Last week I wrote about the beginning of my sabbatical during which I spent a lot of time by the river. This week the story continues…
In August I left the tree and flew to San Diego where I volunteered for eight days in a transfer hub for those who had been granted hearings for asylum and await their court dates. Everyday U.S. Immi-gration and Customs Enforcement (ICE) drops off a couple hundred people who have surrendered at the border seeking political asylum. After who knows how long in detention families are reunited at a hotel in San Diego where the State of California offers medical care, lodging, food and a ride to the airport so the asylum seekers can fly to meet their sponsors. The goal is to provide at most a 48 hour stay for the guests. It is an amazing operation which always seems on the verge of breaking down, but is actually very effective and efficient helping people get to their next stop in the process. Catholic Charities has partnered with the state to help with hospitality. I got involved through my friends, the sisters of Mount St. Scholastica
Monastery in Atchison, KS. I simply helped get people hygiene products, diapers and clothes that had been donated and led them to their rooms in the hotel. It was hard, monotonous, heart-breaking work. The average age of immigrants seeking asylum must be about 14. Not that there are a lot of teenagers, few actually, but most are young families near my kids’ ages with small children. I met people from Central America, but more from South America (the Portuguese on my Google Translate App got a workout), Haiti and even Russia. They really do come with nothing except a dream that their kids will have a better, safer more secure life.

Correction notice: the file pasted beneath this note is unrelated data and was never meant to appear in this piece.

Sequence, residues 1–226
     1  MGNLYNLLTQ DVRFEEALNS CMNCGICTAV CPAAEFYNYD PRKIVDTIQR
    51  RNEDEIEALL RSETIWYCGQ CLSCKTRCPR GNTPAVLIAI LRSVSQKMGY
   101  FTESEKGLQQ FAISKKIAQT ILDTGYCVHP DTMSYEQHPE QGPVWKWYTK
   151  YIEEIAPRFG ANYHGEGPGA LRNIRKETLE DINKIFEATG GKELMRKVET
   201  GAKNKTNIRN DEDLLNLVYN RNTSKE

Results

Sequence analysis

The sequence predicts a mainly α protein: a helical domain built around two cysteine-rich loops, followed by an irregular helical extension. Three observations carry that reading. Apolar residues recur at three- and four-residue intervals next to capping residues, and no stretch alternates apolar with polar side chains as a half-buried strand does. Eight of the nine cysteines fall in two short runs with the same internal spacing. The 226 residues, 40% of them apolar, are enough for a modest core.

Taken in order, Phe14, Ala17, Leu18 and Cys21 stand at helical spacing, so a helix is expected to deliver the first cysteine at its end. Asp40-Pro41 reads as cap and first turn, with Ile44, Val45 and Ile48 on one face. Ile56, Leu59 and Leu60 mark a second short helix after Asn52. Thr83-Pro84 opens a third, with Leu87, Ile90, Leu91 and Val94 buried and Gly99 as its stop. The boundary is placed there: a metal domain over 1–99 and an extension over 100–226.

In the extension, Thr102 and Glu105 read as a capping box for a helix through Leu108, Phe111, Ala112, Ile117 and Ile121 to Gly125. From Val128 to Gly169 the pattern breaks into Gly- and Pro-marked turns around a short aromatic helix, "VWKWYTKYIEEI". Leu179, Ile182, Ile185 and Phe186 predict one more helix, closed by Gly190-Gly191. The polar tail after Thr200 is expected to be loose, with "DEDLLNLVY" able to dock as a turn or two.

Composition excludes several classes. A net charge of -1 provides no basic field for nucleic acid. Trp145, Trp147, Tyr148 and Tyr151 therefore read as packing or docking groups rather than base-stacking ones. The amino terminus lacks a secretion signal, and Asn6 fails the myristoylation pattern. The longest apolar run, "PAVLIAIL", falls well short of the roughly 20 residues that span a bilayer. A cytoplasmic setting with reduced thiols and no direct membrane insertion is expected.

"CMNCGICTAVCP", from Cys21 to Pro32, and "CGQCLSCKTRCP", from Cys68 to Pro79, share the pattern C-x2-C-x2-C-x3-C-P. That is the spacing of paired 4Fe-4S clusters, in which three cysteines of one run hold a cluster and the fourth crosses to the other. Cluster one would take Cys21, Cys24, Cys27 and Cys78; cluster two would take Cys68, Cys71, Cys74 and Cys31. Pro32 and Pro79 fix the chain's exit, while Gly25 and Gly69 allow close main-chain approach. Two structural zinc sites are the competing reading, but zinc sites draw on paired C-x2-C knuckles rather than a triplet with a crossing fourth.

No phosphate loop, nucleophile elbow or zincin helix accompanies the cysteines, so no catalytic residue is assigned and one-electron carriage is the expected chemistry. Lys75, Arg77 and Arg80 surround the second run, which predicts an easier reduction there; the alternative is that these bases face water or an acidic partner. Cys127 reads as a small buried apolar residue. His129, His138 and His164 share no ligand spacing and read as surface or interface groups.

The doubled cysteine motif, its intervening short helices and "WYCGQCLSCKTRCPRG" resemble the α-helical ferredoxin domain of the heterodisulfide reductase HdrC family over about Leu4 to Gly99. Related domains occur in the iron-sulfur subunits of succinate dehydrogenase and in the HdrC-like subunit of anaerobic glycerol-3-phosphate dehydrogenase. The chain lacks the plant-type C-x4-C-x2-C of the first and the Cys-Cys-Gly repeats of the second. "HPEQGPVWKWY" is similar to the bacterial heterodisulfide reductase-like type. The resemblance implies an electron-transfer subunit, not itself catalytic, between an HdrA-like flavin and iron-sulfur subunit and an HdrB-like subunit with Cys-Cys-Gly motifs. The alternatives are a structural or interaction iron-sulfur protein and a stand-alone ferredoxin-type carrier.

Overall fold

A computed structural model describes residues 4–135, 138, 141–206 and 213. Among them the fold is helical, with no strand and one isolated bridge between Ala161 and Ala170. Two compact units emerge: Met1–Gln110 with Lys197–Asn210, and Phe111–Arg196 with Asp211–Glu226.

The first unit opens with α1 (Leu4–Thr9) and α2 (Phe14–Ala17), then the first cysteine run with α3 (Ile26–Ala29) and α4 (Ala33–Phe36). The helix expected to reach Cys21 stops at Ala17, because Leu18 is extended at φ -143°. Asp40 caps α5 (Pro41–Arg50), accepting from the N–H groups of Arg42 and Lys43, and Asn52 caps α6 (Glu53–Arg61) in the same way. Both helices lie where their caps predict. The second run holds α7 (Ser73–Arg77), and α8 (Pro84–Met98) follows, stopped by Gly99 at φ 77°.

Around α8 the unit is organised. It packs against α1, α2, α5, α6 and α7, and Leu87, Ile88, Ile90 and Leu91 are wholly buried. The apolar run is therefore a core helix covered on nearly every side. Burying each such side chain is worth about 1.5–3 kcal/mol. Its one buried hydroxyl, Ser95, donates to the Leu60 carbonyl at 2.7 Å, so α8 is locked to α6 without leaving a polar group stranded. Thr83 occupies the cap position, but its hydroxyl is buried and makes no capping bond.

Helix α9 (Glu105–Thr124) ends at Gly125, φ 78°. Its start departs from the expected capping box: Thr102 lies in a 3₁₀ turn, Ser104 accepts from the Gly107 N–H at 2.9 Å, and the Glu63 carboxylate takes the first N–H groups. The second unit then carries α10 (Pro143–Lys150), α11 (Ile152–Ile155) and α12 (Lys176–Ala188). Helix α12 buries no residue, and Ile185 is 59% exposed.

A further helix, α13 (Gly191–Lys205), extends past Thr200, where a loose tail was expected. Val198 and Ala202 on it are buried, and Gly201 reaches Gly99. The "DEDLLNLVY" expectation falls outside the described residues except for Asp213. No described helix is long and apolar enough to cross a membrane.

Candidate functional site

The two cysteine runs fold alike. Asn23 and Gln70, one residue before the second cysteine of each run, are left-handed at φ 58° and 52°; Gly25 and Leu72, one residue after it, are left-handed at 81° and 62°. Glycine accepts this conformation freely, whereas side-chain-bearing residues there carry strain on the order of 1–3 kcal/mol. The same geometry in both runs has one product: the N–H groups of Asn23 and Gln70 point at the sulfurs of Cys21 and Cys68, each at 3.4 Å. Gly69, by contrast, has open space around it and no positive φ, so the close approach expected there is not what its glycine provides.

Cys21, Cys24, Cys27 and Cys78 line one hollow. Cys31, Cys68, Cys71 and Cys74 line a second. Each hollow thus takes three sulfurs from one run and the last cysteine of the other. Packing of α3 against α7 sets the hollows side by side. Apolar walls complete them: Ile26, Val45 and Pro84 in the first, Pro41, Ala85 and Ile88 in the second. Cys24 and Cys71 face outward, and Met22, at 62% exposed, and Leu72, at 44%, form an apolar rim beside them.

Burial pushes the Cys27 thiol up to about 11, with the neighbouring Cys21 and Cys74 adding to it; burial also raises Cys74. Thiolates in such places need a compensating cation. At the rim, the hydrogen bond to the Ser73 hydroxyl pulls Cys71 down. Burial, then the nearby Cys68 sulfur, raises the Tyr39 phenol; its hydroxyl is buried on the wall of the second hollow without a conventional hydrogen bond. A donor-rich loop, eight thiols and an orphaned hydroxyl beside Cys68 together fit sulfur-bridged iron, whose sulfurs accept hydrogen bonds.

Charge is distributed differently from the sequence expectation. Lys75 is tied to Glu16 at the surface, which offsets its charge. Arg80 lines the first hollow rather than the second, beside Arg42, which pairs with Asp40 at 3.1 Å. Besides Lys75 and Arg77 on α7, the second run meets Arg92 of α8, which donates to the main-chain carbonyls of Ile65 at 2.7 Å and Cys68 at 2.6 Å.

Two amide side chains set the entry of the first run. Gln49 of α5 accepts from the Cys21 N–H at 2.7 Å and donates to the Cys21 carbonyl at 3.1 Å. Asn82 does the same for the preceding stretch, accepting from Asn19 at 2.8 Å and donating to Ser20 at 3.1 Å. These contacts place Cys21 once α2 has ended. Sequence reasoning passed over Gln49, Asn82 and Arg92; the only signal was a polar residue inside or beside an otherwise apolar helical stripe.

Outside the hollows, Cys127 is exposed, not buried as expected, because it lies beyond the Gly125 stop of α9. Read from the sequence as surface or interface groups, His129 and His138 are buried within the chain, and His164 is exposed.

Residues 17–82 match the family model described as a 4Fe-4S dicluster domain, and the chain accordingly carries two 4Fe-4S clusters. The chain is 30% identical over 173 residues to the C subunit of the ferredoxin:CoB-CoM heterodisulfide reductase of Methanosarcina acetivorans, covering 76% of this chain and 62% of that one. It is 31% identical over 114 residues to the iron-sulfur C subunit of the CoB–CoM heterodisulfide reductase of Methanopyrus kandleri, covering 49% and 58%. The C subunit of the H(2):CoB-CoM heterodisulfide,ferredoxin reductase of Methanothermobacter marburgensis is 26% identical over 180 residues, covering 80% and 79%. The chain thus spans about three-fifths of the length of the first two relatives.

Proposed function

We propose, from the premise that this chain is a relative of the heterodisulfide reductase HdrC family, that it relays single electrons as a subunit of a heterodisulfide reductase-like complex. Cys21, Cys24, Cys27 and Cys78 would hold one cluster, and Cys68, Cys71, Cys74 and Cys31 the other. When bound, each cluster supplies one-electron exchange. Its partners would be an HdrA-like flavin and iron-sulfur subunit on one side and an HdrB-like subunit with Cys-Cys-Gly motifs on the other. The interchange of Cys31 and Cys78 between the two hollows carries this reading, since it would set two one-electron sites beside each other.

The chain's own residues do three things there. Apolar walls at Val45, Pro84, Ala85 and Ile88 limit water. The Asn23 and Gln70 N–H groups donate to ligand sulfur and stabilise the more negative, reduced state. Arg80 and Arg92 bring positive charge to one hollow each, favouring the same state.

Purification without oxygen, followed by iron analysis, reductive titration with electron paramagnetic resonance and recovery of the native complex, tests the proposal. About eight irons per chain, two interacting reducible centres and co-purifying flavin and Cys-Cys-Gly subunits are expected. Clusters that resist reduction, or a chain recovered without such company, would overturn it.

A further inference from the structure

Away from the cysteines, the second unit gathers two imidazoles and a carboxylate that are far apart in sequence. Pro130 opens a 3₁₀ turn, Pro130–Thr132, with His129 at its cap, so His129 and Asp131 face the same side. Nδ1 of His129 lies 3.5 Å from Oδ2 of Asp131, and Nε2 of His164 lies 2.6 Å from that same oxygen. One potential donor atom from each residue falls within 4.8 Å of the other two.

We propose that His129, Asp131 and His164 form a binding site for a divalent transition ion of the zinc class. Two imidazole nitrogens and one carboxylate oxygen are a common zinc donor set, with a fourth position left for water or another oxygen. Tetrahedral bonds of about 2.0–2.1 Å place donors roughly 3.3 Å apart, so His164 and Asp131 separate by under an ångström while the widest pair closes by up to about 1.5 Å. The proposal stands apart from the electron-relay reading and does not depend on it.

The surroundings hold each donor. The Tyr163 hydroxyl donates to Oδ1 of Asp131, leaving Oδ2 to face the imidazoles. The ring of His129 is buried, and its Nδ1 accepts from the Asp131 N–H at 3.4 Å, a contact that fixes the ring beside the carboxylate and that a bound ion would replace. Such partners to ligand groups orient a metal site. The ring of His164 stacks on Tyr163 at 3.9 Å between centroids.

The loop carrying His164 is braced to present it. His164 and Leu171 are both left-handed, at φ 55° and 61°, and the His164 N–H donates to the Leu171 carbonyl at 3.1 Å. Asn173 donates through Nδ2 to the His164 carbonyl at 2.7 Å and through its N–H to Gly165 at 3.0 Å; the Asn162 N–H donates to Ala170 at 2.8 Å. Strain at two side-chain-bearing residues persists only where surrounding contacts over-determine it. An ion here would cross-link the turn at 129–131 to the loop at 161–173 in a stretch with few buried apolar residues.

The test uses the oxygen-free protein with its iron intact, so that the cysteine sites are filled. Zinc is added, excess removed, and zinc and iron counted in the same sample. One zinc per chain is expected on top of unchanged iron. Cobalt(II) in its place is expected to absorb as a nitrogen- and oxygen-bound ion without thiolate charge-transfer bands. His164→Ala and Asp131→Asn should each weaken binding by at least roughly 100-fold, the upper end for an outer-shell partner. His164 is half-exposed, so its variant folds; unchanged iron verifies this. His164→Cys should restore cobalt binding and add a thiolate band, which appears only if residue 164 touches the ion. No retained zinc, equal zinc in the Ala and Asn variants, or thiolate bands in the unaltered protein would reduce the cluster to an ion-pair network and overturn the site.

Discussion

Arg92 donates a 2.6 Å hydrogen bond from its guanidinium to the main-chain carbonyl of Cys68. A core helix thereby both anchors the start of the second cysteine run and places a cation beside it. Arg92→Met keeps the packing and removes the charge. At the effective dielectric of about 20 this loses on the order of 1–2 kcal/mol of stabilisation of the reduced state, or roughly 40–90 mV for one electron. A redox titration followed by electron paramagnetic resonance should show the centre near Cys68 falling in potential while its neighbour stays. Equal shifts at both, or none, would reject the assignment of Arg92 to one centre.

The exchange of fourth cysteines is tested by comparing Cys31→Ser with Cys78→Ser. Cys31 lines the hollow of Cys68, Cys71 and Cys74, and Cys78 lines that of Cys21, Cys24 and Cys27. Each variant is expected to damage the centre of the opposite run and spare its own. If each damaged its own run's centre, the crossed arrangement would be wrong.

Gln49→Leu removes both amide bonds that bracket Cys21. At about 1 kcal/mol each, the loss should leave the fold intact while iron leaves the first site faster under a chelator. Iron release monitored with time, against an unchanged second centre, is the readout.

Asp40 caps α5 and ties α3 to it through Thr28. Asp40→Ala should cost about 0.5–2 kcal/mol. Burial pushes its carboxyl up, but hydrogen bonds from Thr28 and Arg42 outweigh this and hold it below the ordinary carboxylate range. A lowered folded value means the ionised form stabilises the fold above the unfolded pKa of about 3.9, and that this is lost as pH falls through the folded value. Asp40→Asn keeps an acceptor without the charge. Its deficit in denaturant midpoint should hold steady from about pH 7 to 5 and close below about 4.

This picture I took at the airport is of a group of asylum seekers. It appears to be just like any other small group of travelers waiting on flights in any busy airport anywhere. No passerby would suspect that these travelers are carrying all their worldly possessions in these small backpacks. They are wearing clothes which have been donated and are traveling with tickets bought by sponsors in far distant cities. If you look closely you might notice the mom on the right is wearing an ankle bracelet so ICE can track her.